Commands by paulochf (4)

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Remove all backup files in my home directory
I use this simple command for remove all backup files generated usually by editors like Vim and Emacs.

Print just line 4 from a textfile

Backup with versioning
Apart from an exact copy of your recent contents, also keep all earlier versions of files and folders that were modified or deleted. Inspired by the excellent EVACopy http://evacopy.sourceforge.net

Edit all files found having a specific string found by grep
The grep switches eliminate the need for awk and sed. Modifying vim with -p will show all files in separate tabs, -o in separate vim windows. Just wish it didn't hose my terminal once I exit vim!!

statistics in one line
In this example, file contains five columns where first column is text. Variance is calculated for columns 2 - 5 by using perl module Statistics::Descriptive. There are many more statistical functions available in the module.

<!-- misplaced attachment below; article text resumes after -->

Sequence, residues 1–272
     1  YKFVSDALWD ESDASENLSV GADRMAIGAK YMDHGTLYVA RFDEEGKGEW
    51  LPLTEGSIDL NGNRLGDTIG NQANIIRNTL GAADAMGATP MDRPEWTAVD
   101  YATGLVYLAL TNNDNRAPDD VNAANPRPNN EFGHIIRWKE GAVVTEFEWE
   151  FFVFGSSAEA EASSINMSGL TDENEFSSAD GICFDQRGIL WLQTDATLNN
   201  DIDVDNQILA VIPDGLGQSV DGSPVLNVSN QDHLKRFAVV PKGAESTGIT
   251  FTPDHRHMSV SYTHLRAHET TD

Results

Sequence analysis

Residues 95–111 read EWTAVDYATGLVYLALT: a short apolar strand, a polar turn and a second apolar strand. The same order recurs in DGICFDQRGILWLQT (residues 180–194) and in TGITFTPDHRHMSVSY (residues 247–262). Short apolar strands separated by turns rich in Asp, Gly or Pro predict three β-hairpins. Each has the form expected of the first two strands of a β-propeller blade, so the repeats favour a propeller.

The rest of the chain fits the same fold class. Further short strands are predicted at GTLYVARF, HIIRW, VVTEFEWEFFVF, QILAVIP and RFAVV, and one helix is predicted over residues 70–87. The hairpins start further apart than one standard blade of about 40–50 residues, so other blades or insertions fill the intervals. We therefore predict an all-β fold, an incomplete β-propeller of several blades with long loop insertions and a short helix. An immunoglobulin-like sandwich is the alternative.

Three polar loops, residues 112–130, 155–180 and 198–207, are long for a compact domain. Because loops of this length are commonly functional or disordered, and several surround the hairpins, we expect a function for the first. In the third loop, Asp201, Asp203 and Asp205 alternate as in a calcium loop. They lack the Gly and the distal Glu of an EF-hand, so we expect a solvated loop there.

Which processes are listening on a specific port (e.g. port 80)
swap out "80" for your port of interest. Can use port number or named ports e.g. "http"

Find files with lines that do not match a pattern
This one would be much faster, as it's only one executed command.

Convert seconds to [DD:][HH:]MM:SS
Converts any number of seconds into days, hours, minutes and seconds. sec2dhms() { declare -i SS="$1" D=$(( SS / 86400 )) H=$(( SS % 86400 / 3600 )) M=$(( SS % 3600 / 60 )) S=$(( SS % 60 )) [ "$D" -gt 0 ] && echo -n "${D}:" [ "$H" -gt 0 ] && printf "%02g:" "$H" printf "%02g:%02g\n" "$M" "$S" }

Screencast with ffmpeg x11grab
requires ffmpeg & xwininfo to be installed replace hw:0,0 with pulse if you like using pulseaudio press q to quit

Write comments to your history.
A null operation with the name 'comment', allowing comments to be written to HISTFILE. Prepending '#' to a command will *not* write the command to the history file, although it will be available for the current session, thus '#' is not useful for keeping track of comments past the current session.


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